How I treat cold agglutinin disease

Sigbjørn Berentsen
Blood 2021 March 11, 137 (10): 1295-1303
The last decades have seen great progress in the treatment of cold agglutinin disease (CAD). Comparative trials are lacking, and recommendations must be based mainly on nonrandomized trials and will be influenced by personal experience. Herein, current treatment options are reviewed and linked to 3 cases, each addressing specific aspects of therapy. Two major steps in CAD pathogenesis are identified, clonal B-cell lymphoproliferation and complement-mediated hemolysis, each of which constitutes a target of therapy. Although drug treatment is not always indicated, patients with symptomatic anemia or other bothersome symptoms should be treated. The importance of avoiding ineffective therapies is underscored. Corticosteroids should not be used to treat CAD. Studies on safety and efficacy of relevant drugs and combinations are briefly described. The author recommends that B cell-directed approaches remain the first choice in most patients requiring treatment. The 4-cycle bendamustine plus rituximab combination is highly efficacious and sufficiently safe and induces durable responses in most patients, but the time to response can be many months. Rituximab monotherapy should be preferred in frail patients. The complement C1s inhibitor sutimlimab is an emerging option in the second line and may also find its place in the first line in specific situations.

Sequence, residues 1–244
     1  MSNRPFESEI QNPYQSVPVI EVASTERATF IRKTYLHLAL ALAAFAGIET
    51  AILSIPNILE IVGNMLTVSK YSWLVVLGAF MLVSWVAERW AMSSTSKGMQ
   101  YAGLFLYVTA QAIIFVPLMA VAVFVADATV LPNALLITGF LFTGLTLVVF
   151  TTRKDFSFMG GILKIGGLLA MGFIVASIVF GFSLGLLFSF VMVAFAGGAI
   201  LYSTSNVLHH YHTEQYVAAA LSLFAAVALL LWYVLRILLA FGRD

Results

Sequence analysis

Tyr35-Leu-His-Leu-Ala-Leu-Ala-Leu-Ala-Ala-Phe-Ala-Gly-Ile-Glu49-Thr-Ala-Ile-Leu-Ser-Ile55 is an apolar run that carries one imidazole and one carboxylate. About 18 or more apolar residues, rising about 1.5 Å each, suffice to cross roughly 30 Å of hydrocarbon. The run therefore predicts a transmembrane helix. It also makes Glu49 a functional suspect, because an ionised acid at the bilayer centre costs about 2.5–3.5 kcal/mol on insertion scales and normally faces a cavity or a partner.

Full Text Links

Find Full Text Links for this Article


You are not logged in. Sign Up or Log In to join the discussion.

Trending Papers

Remove bar
Read by QxMD icon Read

Save your favorite articles in one place with a free QxMD account.


Search Tips

Use Boolean operators: AND/OR

diabetic AND foot
diabetes OR diabetic

Exclude a word using the 'minus' sign

Virchow -triad

Use Parentheses

water AND (cup OR glass)

Add an asterisk (*) at end of a word to include word stems

Neuro* will search for Neurology, Neuroscientist, Neurological, and so on

Use quotes to search for an exact phrase

"primary prevention of cancer"
(heart or cardiac or cardio*) AND arrest -"American Heart Association"

We want to hear from doctors like you!

Take a second to answer a survey question.